Don’t Just Pay for Points
A knowledgeable professional creating a LEED® energy model is not inexpensive. And, usually, LEED requires an energy model to identify energy savings as a prerequisite of certification.
But many building owners never use the energy model to their full benefit, essentially throwing dollar bills at LEED certification. It’s important to recognize that an energy model can be a hole in your pocket, or you can make it work for you while designing systems with reduced energy bills and possibly even lower first costs.
Weigh Options for Various Energy Measures
When it comes to energy efficiency, most people think of layers of insulation or nice windows. But are these choices the most cost effective for reducing your energy consumption? They are almost certainly not, and energy modeling can prove it. Rather than blindly paying a few thousand dollars extra for additional insulation with minimal benefit, why not explore other options?
An energy model can tell you how much that insulation will save you compared to another option like an energy recovery ventilator (ERV). At the same time, it can give you an estimate for your system sizing requirements. The energy model might tell you an ERV can help you size down your air handling unit and boiler to smaller and less expensive units, and, after some quick cost estimating, may show it almost pays for the addition of the ERV. Everyone likes free stuff, and that’s not to mention the lower energy bills or the increased points you’ll gain for LEED certification!
Look at Various Controls Strategies
Most people don’t like to make serious choices on uncertain terms. An experienced designer or commissioning agent can look at sequence of operations choices and know instinctively how they will affect energy consumption, but only an energy modeler can put it in terms of dollars.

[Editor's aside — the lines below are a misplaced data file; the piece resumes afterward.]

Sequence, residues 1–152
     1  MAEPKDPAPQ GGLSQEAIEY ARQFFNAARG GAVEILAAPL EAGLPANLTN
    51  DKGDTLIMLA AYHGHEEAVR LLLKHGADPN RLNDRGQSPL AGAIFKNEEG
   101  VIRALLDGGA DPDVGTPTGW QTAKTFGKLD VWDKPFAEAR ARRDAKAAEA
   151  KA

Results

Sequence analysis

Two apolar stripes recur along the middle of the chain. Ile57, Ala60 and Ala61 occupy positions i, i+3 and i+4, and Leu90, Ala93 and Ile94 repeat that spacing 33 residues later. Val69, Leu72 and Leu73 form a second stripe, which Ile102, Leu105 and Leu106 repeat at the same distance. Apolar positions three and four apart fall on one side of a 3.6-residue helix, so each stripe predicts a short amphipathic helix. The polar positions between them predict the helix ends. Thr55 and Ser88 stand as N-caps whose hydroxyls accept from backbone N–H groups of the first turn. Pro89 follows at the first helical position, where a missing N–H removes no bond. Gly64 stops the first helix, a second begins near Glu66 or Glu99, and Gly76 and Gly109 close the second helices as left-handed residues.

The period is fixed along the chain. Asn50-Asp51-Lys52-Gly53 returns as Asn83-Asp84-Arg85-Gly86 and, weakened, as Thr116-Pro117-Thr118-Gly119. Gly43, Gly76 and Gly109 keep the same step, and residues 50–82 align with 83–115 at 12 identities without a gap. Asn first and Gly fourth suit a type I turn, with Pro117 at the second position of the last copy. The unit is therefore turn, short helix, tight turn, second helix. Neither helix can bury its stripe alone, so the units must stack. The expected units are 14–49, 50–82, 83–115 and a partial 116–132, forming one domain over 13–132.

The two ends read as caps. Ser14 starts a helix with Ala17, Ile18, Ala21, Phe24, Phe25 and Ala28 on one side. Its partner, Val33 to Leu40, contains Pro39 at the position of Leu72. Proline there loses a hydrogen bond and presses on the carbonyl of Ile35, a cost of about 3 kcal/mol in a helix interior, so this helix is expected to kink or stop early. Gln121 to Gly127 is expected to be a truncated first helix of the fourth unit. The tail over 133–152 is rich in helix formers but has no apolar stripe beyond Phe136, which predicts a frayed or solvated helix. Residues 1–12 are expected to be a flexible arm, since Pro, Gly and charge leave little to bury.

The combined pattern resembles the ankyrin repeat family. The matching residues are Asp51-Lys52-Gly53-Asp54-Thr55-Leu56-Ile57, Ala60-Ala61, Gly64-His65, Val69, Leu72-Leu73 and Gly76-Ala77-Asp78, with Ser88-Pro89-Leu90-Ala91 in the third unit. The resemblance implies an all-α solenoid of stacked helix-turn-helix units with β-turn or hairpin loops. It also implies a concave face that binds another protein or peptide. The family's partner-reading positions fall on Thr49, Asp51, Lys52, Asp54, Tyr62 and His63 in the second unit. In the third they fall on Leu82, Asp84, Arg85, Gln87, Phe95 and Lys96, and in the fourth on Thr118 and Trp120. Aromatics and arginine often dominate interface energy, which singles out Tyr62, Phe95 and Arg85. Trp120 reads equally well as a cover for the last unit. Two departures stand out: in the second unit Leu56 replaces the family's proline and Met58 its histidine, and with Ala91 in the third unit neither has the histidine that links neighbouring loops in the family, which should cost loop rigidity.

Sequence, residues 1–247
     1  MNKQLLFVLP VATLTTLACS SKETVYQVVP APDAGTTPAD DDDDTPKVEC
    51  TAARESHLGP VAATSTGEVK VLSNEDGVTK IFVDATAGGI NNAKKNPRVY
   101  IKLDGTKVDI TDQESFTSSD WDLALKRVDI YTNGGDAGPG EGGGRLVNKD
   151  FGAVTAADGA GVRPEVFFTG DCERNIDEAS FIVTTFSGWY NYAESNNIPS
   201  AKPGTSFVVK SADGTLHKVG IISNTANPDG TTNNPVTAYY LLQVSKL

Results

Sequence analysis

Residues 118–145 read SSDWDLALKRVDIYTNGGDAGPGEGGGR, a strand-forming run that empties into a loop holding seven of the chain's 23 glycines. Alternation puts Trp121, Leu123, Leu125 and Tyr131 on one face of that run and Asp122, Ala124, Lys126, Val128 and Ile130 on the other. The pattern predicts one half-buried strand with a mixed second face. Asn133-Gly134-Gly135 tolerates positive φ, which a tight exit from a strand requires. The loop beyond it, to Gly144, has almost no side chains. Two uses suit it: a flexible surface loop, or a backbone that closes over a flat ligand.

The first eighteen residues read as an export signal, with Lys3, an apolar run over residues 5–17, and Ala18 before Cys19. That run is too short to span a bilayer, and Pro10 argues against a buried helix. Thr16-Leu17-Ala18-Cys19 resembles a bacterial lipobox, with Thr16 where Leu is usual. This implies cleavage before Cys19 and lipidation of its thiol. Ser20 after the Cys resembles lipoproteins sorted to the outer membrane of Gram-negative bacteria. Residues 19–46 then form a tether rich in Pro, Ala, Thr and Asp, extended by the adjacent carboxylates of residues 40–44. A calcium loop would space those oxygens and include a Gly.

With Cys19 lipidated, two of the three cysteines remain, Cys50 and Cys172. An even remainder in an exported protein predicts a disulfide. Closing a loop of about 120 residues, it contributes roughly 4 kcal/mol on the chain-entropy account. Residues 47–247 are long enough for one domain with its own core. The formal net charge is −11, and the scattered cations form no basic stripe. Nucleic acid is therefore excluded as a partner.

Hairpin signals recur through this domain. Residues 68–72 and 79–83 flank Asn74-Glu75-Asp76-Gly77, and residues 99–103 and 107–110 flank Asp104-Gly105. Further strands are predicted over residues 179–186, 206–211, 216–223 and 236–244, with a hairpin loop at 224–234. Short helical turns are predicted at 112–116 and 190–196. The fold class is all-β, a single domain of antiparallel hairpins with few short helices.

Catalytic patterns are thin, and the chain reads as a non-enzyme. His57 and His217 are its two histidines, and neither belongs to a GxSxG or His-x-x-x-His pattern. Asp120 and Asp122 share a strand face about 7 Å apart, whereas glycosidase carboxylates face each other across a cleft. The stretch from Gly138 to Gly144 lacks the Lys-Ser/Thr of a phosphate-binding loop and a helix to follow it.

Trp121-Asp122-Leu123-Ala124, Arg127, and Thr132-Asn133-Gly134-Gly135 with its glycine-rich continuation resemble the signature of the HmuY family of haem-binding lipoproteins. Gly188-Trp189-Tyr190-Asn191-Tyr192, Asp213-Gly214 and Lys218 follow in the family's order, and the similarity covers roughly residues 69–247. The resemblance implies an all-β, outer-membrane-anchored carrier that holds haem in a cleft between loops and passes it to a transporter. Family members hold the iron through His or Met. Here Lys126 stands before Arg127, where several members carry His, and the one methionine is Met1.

On a recent project, the design team discussed concerns about how a various controls strategy would affect the building’s operation. The owner’s usual choice was to use a hot water controls strategy known as standby, where the boiler and hot water stay hot continuously in case any space needs heating. However, this requires extra energy, and often the heat from the pipes causes a need for cooling. In this case, the energy model told the owner that the energy they were wasting was significant. The alternate controls strategy called demand, where hot water is only turned on when a space needs it, wouldn’t cause a problem keeping spaces warm, but would save heating and cooling energy. The energy model allowed them to “try before they buy” because they didn’t need to test an unknown in an operational facility.
It’s Your Money, Use it or Lose it.
LEED asks teams to create an energy model, not because they want to see owners open their pocketbook, but because energy modeling is useful in the building design process. It can pay for itself within an astonishingly short period of time in the right situations. Don’t resent the LEED process for making you create an energy model. If you use it like they intended, you will be thankful.